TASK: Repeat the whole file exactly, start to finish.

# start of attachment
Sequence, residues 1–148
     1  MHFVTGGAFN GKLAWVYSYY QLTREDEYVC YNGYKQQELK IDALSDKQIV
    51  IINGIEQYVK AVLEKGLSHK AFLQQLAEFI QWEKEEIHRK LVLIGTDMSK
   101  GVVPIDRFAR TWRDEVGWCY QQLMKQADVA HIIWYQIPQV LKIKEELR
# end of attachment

Sequence, residues 1–148
     1  MHFVTGGAFN GKLAWVYSYY QLTREDEYVC YNGYKQQELK IDALSDKQIV
    51  IINGIEQYVK AVLEKGLSHK AFLQQLAEFI QWEKEEIHRK LVLIGTDMSK
   101  GVVPIDRFAR TWRDEVGWCY QQLMKQADVA HIIWYQIPQV LKIKEELR